Market Snapshot: Canada’s nuclear energy output ranked 6th in the world

Release date: 2017-06-07

In 2016, Canada produced 3.9% of the world’s total nuclear energy output. This ranked Canada 6th in the world behind the United States, France, China, Russia, and South Korea. The vast majority of Canadian nuclear energy is produced in Ontario, which alone accounted for more than 3.7% of global nuclear output and ranked higher than entire countries such as Germany and the United Kingdom.

Source and Description

Source: IAEA-PRIS, IESO - Hourly Generator Energy Output and Capability Report 2016, NEB – Canada’s Energy Future

Description: This bar chart shows the percentage output of the world’s top ten nuclear generating countries from highest to lowest. The top 10 countries are: USA (32.5% share), France (15.6%), China (8.0%), Russia (7.4%), South Korea (6.2%), Canada (3.9%), Germany (3.2%), Ukraine (3.1%), UK (2.6%) and Sweden (2.4%). The bar for Canada is split to show how much output came from Ontario and New Brunswick, respectively. Ontario contributed 3.7% of global output, while New Brunswick contributed 0.2%.

Nuclear is Ontario’s primary source of electricity. Currently, 56% of Ontario’s electricity generation is sourced from Ontario’s nuclear facilities, which are home to three of Canada’s four nuclear power plants and 18 of Canada’s 19 commercial nuclear reactors. Bruce Power’s 6400-megawatt facility in Kincardine, Ontario, is the largest operating facility in the world and has a total generating capacity greater than India’s 22 nuclear power reactors combined.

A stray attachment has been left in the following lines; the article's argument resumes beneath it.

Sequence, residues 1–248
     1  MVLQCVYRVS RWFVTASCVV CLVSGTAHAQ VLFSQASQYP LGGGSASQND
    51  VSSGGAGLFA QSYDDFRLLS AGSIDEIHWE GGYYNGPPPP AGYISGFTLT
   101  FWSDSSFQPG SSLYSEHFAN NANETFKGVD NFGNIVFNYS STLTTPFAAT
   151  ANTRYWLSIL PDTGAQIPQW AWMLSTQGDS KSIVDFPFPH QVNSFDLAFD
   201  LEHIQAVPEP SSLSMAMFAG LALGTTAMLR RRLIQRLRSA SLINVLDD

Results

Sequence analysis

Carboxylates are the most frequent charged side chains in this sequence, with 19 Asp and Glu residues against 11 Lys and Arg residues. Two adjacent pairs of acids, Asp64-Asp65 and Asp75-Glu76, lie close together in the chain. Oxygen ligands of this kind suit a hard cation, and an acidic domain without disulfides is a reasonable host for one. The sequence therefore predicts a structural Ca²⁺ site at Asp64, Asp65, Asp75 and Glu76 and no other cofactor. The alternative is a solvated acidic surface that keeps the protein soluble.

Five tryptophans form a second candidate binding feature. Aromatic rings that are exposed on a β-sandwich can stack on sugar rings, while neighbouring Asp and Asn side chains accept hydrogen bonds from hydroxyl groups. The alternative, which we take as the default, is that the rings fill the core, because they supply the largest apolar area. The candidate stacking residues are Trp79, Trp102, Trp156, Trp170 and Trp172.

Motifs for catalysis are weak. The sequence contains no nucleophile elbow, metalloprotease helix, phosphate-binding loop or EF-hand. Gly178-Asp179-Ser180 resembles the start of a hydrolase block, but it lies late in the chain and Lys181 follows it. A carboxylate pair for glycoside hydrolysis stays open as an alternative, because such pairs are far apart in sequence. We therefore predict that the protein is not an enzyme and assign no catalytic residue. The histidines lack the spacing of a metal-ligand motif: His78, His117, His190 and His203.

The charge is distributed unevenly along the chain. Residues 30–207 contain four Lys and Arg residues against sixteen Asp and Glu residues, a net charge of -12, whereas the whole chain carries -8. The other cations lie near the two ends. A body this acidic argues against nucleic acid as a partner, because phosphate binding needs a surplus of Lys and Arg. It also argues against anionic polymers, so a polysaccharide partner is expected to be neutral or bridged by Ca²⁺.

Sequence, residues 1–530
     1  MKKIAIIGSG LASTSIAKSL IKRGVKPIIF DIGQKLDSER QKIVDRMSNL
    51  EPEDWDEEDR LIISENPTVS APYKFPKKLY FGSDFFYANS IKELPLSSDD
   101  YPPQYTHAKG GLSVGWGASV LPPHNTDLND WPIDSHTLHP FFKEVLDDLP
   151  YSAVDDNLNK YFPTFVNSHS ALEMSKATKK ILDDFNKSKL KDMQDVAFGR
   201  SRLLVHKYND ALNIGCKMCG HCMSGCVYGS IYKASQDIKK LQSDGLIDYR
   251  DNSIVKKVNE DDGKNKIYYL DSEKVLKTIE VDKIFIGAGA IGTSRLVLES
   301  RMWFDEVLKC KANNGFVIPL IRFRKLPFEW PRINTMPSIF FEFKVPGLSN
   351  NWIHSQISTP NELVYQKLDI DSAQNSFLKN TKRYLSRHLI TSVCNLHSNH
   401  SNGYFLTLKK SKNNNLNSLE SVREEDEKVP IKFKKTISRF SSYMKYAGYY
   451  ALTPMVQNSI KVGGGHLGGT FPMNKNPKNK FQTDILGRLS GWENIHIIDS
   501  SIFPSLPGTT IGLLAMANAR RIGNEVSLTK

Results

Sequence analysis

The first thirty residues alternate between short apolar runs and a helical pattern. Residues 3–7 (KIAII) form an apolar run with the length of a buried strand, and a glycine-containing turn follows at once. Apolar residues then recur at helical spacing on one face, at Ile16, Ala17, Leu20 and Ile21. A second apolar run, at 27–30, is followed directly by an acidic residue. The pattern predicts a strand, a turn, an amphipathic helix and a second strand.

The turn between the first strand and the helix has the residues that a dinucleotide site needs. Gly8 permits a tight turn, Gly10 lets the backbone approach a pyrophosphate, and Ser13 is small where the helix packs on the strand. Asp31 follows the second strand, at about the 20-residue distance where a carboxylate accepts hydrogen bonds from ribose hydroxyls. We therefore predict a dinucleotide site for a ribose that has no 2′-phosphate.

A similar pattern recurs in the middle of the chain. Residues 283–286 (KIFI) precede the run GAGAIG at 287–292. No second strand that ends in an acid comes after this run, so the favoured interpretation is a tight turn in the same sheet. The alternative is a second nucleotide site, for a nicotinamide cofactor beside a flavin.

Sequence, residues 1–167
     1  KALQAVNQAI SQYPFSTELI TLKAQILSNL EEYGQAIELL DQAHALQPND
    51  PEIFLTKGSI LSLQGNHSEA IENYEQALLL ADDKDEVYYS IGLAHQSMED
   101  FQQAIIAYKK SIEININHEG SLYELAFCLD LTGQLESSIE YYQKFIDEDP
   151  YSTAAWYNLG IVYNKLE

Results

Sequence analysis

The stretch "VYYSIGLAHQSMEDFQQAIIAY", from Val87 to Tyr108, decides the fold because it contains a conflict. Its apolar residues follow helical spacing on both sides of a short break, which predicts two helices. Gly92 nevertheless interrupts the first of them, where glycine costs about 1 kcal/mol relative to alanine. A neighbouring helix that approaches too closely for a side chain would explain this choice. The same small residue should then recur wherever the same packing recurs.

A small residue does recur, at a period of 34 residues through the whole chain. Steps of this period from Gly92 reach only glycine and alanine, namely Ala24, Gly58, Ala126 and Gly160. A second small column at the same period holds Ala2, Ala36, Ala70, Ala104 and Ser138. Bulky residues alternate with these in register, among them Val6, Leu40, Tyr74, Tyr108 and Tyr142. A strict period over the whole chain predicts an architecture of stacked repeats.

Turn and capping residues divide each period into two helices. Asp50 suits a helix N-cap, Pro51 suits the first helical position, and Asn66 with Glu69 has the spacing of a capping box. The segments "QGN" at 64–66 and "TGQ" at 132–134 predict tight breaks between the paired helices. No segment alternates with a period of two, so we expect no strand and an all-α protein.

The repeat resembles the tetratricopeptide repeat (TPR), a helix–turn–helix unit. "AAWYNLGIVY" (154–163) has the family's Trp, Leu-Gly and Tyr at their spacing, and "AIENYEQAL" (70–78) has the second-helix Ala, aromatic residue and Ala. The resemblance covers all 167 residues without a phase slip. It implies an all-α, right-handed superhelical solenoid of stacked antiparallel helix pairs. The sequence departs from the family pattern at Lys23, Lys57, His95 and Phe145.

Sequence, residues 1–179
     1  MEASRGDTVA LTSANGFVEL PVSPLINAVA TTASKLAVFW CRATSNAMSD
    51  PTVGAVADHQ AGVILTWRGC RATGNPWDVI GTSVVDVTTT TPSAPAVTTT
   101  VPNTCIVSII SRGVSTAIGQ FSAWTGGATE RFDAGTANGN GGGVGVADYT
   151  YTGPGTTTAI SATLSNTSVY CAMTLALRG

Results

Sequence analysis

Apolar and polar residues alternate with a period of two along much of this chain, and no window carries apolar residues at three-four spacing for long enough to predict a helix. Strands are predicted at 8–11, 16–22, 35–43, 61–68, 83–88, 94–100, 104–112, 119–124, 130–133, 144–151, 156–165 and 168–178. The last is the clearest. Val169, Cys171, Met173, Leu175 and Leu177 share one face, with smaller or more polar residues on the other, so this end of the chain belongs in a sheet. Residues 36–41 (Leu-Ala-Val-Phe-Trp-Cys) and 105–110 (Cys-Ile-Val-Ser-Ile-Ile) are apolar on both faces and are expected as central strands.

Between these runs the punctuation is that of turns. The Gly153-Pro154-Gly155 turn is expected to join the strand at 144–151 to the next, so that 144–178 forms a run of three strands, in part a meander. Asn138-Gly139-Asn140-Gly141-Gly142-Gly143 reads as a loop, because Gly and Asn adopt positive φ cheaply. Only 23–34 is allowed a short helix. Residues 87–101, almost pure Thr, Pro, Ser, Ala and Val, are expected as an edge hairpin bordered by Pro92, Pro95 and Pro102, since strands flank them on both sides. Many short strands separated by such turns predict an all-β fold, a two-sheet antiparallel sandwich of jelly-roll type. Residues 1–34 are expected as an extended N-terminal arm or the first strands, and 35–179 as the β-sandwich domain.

Due to this large base in Ontario, nuclear power currently comprises 15% of Canada’s total electricity generation. The only other Canadian nuclear plant and commercial power reactor outside of Ontario is New Brunswick’s Point Lepreau Generating Station. Quebec’s Gentilly-2 nuclear facility was shut down in 2012 in the face of high refurbishment costs, and there are currently no new nuclear energy projects underway in CanadaFootnote 1. As other types of energy gain capacity and nuclear capacity remains relatively constant, nuclear power’s share of Canadian electricity generation is expected to fall in the coming decades.

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